!DOCTYPE html PUBLIC "-//W3C//DTD XHTML 1.0 Strict//EN" "http://www.w3.org/TR/xhtml1/DTD/xhtml1-strict.dtd"> Streamline Training & Documentation: The Marshall Goldsmith Library

Sunday, February 18, 2007

The Marshall Goldsmith Library

Marshall Goldsmith, a respected executive coach whose ideas on helping successful leaders change were the subject of an earlier post, has made many of his shorter writings available without restriction at the online Marshall Goldsmith Library.

The article that brought me to the library deals with influencing up, i.e., effectively presenting recommendations to people in your organization who are senior to you. Goldsmith offers these ten guidelines (slightly edited):
  • When presenting ideas to upper management, realize that it is your responsibility to sell, not their responsibility to buy.

    "The effective upward influencer needs to be a good teacher."

  • Focus on contributing to the larger good, not just on the achievement of your objectives.

    "Don't assume that executives can automatically 'make the connection' between the benefit to your unit and the benefit to the larger corporation."

  • Strive to win "big battles"; don't waste your energy on trivial points.

    "Don't waste time on issues that will only have a negligible impact on results. Focus on issues that will make a real difference."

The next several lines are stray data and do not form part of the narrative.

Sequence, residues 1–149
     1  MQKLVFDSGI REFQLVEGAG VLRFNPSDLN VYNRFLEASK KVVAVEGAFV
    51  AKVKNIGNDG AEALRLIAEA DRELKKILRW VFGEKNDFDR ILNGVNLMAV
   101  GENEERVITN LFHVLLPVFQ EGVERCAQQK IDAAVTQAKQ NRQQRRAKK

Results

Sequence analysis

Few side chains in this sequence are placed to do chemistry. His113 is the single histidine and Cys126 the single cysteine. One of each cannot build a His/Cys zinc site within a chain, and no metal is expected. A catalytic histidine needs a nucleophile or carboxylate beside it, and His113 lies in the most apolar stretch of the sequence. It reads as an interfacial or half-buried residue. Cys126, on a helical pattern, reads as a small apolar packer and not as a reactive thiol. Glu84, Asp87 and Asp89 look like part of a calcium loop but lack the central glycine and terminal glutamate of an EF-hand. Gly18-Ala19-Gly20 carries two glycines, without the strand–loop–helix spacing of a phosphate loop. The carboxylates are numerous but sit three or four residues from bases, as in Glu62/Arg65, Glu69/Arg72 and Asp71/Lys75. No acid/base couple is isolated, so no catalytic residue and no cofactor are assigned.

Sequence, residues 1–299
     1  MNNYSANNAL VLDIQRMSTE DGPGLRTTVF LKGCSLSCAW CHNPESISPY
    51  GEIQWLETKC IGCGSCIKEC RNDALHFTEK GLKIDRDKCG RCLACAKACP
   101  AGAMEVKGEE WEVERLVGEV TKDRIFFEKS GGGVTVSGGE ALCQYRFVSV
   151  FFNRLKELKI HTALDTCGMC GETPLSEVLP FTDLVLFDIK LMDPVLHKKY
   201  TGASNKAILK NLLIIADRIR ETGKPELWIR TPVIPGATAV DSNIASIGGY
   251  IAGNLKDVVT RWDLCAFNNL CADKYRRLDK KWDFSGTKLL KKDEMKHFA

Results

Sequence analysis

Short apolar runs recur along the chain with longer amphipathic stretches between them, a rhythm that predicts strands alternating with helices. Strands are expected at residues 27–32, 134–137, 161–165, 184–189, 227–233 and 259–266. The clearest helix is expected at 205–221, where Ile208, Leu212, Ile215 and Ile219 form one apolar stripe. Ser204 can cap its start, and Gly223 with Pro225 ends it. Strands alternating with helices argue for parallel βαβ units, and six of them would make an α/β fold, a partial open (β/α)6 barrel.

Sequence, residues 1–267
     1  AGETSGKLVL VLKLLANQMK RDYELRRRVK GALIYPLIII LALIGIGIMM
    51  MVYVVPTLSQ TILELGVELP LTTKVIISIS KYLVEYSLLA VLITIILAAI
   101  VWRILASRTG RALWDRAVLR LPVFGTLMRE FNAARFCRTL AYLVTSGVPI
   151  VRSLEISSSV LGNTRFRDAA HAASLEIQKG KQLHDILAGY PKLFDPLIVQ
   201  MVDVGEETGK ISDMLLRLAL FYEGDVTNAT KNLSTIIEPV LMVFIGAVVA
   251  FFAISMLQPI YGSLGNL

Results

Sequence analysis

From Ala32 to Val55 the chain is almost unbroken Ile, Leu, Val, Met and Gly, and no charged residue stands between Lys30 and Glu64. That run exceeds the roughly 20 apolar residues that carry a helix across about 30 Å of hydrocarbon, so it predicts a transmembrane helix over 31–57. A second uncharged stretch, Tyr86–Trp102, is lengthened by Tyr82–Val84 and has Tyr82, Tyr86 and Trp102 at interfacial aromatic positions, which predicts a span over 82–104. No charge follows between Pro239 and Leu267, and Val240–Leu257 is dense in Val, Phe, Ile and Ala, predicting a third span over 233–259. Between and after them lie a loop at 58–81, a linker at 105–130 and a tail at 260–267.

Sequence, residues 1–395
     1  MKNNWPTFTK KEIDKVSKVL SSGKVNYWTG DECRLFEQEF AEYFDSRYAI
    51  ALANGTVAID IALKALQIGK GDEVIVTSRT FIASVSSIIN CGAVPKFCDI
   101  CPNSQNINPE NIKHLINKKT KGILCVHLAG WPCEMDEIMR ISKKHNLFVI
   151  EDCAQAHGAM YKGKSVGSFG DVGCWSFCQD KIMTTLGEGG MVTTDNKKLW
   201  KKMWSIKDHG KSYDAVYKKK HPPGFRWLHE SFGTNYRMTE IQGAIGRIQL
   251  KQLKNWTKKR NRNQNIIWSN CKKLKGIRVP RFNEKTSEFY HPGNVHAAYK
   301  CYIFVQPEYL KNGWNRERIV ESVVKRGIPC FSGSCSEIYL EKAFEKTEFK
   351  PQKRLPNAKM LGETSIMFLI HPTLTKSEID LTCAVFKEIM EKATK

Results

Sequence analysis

• Present a realistic cost-benefit analysis of your ideas; don't just sell benefits.

    "Acknowledge the fact that something else may have to be sacrificed in order to have your idea implemented."

  • "Challenge up" on issues involving ethics or integrity; never remain silent on ethics violations.

    "The best of corporations can be severely damaged by only one violation of corporate integrity."

  • Realize that upper managers are just as human as you are. Don't say, "I am amazed that someone at your level ..."

    "When your managers make mistakes, focus more on helping them than judging them."

  • Treat upper managers with the same courtesy you would accord to partners or customers; don't be disrespectful.

    "Before speaking it is generally good to ask four questions: 1. Will this comment help our company? 2. Will this comment help our customers? 3. Will this comment help the person that I am talking to? 4. Will this comment help the person that I am talking about?"

  • Support the final decision of the team; don't say to your direct reports, "They made me tell you this."

    "Managers who consistently say, 'they told me to tell you' to co-workers are seen as 'messengers' not leaders."

  • Make a positive difference; don't just try to win or be right.

    "The more other people can 'be right' or 'win' with your idea, the more likely your idea is to be successfully executed."

  • Focus on the future; let go of the past.

    "This future orientation may dramatically increase your odds on effectively influencing up. It will also help you build better long-term relationships with people at all levels of your organization."
Goldsmith is a regular contributor to businessweek.com, where a good deal of what he has to say involves how to help people get over the knowing-doing gap.


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